The attack on Greenpeace and the freezing of accounts of hundreds of NGOs across  the country highlights the streak of intolerance to dissent and debate. The banning of the Ambedkar Periyar Study circle demonstrates the government’s hatred to any inconvenient questioning.  

The Greenpeace matter may have been taken up by the Congress party. The Rahul Gandhi led NSUI or the DMK with Periyar ancestry may have highlighted the case of IIT Madras. But these are non partisan issues which if ignored shall undermine the core value of democracy. 

A democracy must celebrate debate, discussion, criticism and involvement of citizens in policy formulation and law making. It is only through NGOs that the civil society can involve itself in law making or policy formulation. Dissent and criticism of government policy can never be akin to spreading hatred. If the prime minister can use all fora to put forth his point of view in ‘Man Ki Baat’ jarring us all time, than don’t we who disagree have a right to question the state of affairs? Noami Chomsky the great American dissident intellectual   said ‘Propaganda is to democracy what violence is to totalitarianism’. George Orwell (of animal farm) tells us that in free England unacceptable ideas can be suppressed voluntarily, without the use of force. In an atmosphere of fear created by the emergency, Indira Gandhi thought everything was going her way till elections showed her the door.  Stalin  and Hitler were dictators who also loved the freedom of speech, but not   the views they were not tuned to! 

Disclaimer: Views expressed above are the author's own.

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Cleofato A Coutinho

Cleofato Almeida Coutinho is a senior lawyer and one of the constitutional expert in Goa. A member of Law Commission of Goa, he also teaches at Kare College of Law in Madgao.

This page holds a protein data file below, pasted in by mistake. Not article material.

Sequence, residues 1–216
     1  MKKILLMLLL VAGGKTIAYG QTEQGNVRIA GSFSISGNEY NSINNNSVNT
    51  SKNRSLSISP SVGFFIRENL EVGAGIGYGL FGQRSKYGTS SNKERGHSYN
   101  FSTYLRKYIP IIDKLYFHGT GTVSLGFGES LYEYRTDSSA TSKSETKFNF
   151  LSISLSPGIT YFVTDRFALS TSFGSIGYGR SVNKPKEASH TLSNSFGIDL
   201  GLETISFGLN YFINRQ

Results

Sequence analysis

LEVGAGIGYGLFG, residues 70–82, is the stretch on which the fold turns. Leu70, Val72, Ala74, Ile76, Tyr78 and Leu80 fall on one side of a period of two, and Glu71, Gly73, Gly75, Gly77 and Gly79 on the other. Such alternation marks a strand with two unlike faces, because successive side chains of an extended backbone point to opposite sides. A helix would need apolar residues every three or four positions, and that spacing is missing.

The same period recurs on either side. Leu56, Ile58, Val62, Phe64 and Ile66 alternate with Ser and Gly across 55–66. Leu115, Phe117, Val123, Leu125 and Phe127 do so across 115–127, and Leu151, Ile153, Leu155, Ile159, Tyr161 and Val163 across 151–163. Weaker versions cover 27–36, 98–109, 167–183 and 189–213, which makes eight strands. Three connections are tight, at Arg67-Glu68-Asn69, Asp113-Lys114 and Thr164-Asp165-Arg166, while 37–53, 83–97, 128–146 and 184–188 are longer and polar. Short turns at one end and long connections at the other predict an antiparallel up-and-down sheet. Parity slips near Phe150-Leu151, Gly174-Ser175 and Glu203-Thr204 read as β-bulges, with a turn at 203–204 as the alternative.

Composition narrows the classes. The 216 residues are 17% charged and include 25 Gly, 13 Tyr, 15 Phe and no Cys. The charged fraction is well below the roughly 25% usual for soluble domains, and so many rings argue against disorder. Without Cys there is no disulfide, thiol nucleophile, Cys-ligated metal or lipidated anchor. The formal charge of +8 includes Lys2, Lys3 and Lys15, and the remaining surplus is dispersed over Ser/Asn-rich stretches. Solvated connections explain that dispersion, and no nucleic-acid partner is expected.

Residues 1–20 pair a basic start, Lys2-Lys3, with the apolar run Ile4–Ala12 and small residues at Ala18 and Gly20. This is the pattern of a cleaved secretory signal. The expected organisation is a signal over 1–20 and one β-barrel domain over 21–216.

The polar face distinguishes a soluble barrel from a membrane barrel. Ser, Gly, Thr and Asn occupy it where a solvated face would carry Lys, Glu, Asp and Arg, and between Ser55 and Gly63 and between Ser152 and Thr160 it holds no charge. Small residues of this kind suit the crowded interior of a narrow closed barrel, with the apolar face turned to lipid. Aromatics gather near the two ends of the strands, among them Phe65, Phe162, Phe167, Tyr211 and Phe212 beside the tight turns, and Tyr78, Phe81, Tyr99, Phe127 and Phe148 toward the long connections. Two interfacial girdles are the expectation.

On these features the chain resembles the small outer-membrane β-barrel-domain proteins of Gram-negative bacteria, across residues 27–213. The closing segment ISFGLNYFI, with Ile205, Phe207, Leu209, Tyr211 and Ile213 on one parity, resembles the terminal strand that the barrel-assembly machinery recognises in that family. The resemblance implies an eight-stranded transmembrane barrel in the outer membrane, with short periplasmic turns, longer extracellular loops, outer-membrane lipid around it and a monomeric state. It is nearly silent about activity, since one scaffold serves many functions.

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I read your curious article which stops short of detailing the potential harm or the divisive nature of these so called NGOs. You fail to mention how these NGOs work without respect for Indian democratic processes and offices. You fail to mention how the interventions of these NGOS are not in sync with the governments efforts to achieve the same and thus creates a lot of friction within the processes. The NGOs stir a degree of expectation and an uprising which doesn't allow for our own methods to solve the issues. Let the NGOs do this with Government rather than independent of it. Let the NGOs follwo the rule of the land and do it the way the Indians do. Let the NGOs do without a vested interest of religious conversion or instigating religious or class hatred. India should look after its poor and the downtrodden. It should work on ways to uplift them. NGOS should merely strengthen these processes and NOT create turbulence within the dynamics of our Society. Everything needs time

- Dr Kirthivasan, UK | 13 th June 2015 20:34


A wonderful article, highlighting some vital developments in the past related to the topic discussed here. As per your statement,

"A democracy must celebrate debate, discussion, criticism and involvement of citizens in policy formulation and law making." I agree with full consent. And prior to the need of hour it is rather more necessary today. But however, don't you think the machinery under which all these NGO are running also arises lots of serious questions too? I want to further know your views on How to successfully check all this channels in possible alternate way.? And as you have mentioned that many earlier arrangements like the Foreign Contribution Regulation Act, Income Tax Act etc are already scrutinizing all these channels, don't you think it may be only these bodies which may have encouraged the government to initiate such steps?

I will be waiting for some further information Sir.

Thank You.

- Ashutosh Yadav, New Delhi | 13 th June 2015 20:34